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I am pretty new to electronic design so sorry in advance if the question is too naive.

I need to build a small portable 1Hz pulse generator and connect it to a FPGA input pin, configured in LVCMOS 1.8V. This is supposed to emulate a GPS PPS signal for testing purpose, without requiring a GPS signal/antenna.

Currently my plan is to use a 9V battery and use a 555 timer to build the pulses. This part is OK, and I have successfully simulated it with LTSpice to verify my resistances and capacitors values meet the desired frequency and duty cycle.

The step where I'm stuck is how to interface it cleanly to the FPGA, and be 100% sure I won't damage it. I have tried with an LDO (LT3021-1.8) after the 555, but the simulation tells that the rising edge goes up to 3V for a small amount of time before stabilizing at 1.8V. Remembering my electronics lessons, I tried a divider (with two resistances) and a LM358 configured in follower. The results are a little better but the simulation still shows a rise to 2.4V during the rising edge.

I discovered there are specific component called "voltage shifter" that could be appropriate for what I'm looking after, but I'm having a hard time finding one with LVCMOS 1.8V output, and that I can solder by myself. Do you have any suggestion for a component that would fit the purpose ? Would a Zener diode help to limit the output to 1.8 V ?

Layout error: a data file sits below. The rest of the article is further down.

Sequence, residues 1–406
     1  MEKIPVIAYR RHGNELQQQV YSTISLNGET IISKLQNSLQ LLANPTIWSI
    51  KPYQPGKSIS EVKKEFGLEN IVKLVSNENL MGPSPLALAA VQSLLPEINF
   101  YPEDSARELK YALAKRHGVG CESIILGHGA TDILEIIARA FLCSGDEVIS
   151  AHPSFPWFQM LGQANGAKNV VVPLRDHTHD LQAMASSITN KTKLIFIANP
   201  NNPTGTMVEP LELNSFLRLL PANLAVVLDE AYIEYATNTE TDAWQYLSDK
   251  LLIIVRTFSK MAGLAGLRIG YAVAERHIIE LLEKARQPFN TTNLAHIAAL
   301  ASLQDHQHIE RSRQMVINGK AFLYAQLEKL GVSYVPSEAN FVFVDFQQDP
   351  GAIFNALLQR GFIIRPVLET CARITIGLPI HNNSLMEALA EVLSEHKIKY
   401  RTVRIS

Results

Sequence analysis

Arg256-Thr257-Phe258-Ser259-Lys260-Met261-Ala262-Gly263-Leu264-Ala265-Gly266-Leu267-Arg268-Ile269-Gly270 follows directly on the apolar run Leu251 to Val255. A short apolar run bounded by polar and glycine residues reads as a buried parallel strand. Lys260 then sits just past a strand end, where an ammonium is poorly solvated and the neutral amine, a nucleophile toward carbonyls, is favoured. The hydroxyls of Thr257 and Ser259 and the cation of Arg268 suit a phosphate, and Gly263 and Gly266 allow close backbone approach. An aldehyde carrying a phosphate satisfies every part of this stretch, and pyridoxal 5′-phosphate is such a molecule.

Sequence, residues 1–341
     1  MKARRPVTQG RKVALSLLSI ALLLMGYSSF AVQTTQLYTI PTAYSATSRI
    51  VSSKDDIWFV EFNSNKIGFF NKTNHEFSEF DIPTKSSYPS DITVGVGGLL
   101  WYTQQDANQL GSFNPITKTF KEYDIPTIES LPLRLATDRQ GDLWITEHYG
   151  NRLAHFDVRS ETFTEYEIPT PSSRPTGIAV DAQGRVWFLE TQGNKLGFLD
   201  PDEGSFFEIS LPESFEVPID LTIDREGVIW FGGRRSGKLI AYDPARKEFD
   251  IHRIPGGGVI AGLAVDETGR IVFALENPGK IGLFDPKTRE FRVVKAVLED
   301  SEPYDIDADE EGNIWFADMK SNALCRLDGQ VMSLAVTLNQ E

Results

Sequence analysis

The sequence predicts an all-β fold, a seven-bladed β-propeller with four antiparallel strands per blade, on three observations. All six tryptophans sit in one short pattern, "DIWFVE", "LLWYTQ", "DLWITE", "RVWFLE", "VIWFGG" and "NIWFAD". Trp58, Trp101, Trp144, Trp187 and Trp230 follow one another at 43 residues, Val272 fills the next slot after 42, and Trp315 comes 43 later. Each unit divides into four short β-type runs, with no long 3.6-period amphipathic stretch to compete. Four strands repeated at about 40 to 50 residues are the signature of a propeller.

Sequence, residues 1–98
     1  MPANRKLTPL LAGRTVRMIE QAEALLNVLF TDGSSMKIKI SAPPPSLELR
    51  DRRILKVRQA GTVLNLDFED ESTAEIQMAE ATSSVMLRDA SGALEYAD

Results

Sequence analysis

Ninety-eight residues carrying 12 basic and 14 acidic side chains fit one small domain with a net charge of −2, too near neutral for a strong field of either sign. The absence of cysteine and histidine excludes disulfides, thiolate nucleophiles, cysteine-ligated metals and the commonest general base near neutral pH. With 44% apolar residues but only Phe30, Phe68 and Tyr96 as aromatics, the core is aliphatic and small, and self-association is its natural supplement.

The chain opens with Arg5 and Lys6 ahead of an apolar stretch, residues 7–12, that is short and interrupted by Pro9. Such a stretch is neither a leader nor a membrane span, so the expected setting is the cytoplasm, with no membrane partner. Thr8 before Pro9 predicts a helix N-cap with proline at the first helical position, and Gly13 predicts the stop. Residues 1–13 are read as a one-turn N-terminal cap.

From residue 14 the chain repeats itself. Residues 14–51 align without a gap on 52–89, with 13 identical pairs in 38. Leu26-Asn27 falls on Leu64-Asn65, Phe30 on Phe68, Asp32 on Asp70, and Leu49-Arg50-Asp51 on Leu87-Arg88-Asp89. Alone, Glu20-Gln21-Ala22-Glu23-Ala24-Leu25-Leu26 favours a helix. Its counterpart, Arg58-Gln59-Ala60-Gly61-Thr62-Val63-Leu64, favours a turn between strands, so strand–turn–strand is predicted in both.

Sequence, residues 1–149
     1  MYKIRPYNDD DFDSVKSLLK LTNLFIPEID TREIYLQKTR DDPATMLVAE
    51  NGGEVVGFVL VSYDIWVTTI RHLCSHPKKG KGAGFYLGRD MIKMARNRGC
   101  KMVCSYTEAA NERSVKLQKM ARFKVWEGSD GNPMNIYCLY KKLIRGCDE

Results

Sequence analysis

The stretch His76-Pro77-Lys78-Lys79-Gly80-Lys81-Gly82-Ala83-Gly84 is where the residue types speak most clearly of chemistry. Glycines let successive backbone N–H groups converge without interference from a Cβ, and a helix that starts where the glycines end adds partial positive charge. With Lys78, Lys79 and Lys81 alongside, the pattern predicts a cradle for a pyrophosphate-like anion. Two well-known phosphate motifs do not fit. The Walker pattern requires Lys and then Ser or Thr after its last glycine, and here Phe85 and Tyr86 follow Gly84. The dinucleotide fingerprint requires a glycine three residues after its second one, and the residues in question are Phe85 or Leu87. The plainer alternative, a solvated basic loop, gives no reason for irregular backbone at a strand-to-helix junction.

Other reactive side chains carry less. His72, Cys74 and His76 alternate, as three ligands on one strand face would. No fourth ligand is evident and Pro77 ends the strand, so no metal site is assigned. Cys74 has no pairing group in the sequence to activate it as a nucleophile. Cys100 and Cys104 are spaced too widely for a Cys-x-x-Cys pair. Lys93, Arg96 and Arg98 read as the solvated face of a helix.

Also, for running the simulation I need to simulate the load of the FPGA input pin, but cannot find such information in the datasheet (this is a Xilink Z7000). What would be a correct way to simulate this load (what impedance) ?

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You could use something like a 74LVC541 with 1.8V Vcc as a buffer. Its inputs are 5 V tolerant.

Alternatively build an oscillator around a 74LVC14A and get rid of the 555 and higher voltages altogether.

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If your FPGA is not finalized, or if you've got a spare test point available, try synthesizing the 1 Hz in the FPGA and driving an LVCMOS output, then jumpering the two points for test purposes.

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You might try just putting a resister between the +5 from the timer and the op amp. The op amp will have built-in protective diodes that need to be protected from too much fault current. The max fault current may be quite high however. Check the data sheet and size the resister to limit the current well below that.
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